What followed next was an outbreak of hysteria, replete with paranoid accusations, false testimony, torture, and execution, all under the umbrella and protection of the common law. Estimates place the number of accused witches at over 150—more than 20% of the population; 20 Salem residents were executed for the practice of witchcraft; of those residents imprisoned, three died while incarcerated, and a fourth, five-year-old Dorcas Good, went insane after seven-plus months in captivity.
As to the legal proceedings for those who stood accused, O’Kelly notes, “However different the world of the Salem Witch Trials may seem to us now, they had one important characteristic in common with the legal world of today: then, as now, legal matters took an excruciatingly long time to resolve.” One explanation for the agonizing amount of time it took to try, convict, and mete out punishments, was that in early 1692, Massachusetts was embroiled in a state of “legal limbo” having recently deposed one governor and only under the control of an interim government. The temporary magistrates postponed actual trials until a new governor could be appointed by the ruling monarchs in England, William and Mary. Finally, on May 14, 1692, nearly three months after the initial accusations were raised, the “newly appointed governor, Sir William Phips, arrived in Boston with a legal charter in hand.” One of his first orders of business would be to hear the cases of more than 60 Salem residents waiting for trial. To do so, Governor Phips ordered a Court of Oyer y Terminer (“to hear and determine”), consisting of six members of his advisory council and Lieutenant Governor William Stoughton.
LEGAL PROCEDURE of the TRIALS Preeminent in Salem’s collective mind, beyond bringing the witches to justice, was to ensure a fair and accurate trial for the accused. “The Salem residents relied on official procedures, such as indictments and public trials, and employed the best expert advice available at the time.” They relied upon the law, the executive power of the colony, and upon the “best expert advice” available in the form of both their religious and judiciary leaders. Wishing to appeal to both divinity and reason, the Trials at Salem followed the usual prescription of procedure used in English Common Law Witch Trials. Included in this procedure was the requirement of evidence in order to convict. Young notes some of the forms of empirical evidence used at the Trials:
Other empirical forms of witchcraft evidence introduced against at least eight of the alleged tches included the “trials by test,” the most prominent of which were the recitation of the Lord's Prayer and the “laying on of hands.” The former test rested on the presumption that a witch was unable to say the “Our Father” without some mistake because it was disloyal to her master the Devil, and because she was more accustomed to saying it backwards at the sacrilegious Witch's Sabbath. But, “anyone might make a mistake reciting the Lord's Prayer, particularly if the floor was covered with screaming, convulsive girls.” Poor John Willard, for instance, could not say it correctly after five consecutive tries. Other forms of the “trials by test” included inspecting the accused’s body for the “Witch’s Mark,” (usually a mole or tumor-like growth on the skin through which the Witch’s familiar was supposed to suckle) and an especially cruel test which involved tying an accused witch’s feet together, and throwing her into a body of water—if the accused floated, she was a witch and subject to execution; if she sank, she was thankfully innocent, but unfortunately dead. One of the most terrifying aspects of the Salem Witch Trials was not the “empirical” evidence gathered by the tribunal, but rather the initial admissibility of “spectral evidence”—evidence that could not be substantiated beyond testimonial from those “afflicted” by the witches, yet was believed by the Puritans to be valid. With nothing more than a mere accusation from a neighbor, any member of the Salem community could be arrested and brought before the tribunal to be examined. In an effort to ensure that accusation based on spectral evidence was not the sole grounds for conviction, however, the common practice of the day was to examine the accused before their accusers.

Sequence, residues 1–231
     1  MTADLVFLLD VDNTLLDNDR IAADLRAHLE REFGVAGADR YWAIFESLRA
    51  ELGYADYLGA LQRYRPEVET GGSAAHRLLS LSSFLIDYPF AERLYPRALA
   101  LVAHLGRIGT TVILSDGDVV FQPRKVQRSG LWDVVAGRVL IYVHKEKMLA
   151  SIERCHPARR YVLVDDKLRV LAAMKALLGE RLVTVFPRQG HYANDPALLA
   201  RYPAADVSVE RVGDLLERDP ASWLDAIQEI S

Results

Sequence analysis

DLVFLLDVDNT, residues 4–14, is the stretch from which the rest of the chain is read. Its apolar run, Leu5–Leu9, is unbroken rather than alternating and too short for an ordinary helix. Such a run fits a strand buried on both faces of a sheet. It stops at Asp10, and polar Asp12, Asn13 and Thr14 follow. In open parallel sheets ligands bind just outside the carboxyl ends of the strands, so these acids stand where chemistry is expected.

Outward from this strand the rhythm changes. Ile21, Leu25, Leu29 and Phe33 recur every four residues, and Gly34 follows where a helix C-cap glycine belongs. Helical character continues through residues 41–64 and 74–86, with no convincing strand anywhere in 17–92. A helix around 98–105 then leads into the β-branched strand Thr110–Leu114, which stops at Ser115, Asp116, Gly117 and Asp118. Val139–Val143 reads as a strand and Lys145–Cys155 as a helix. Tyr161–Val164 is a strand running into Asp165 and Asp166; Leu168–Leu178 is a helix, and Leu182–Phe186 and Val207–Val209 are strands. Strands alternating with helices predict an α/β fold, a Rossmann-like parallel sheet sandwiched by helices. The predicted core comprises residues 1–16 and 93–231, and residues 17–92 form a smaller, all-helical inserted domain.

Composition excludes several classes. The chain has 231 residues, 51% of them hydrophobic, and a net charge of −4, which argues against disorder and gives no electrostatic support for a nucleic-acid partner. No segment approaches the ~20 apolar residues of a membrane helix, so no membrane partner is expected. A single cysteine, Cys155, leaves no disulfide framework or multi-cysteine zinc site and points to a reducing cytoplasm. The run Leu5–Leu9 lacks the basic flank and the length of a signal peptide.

While under examination, the accused were presented before those victims they had supposedly harmed. If the accusers experienced “severe fits” while in the presence of the “witch,” that person was indicted on the spot. “Thus,” writes Young, “the indictment was not based on the original complaint, but instead cited the witchcraft performed at the examination.” Furthermore, writes Young, “If the accused witch bit her lip, the [accuser] would scream out that they had been bitten; if she pinched her fingers together, they would claim that they had been pinched.” However vindicated the Puritans may have felt by this “empirical” evidence presented at the pre-trial examination, no accused person examined by the Salem Court of Oyer y Terminer was ever acquitted—“to be examined as a witch essentially meant to be hanged as one.”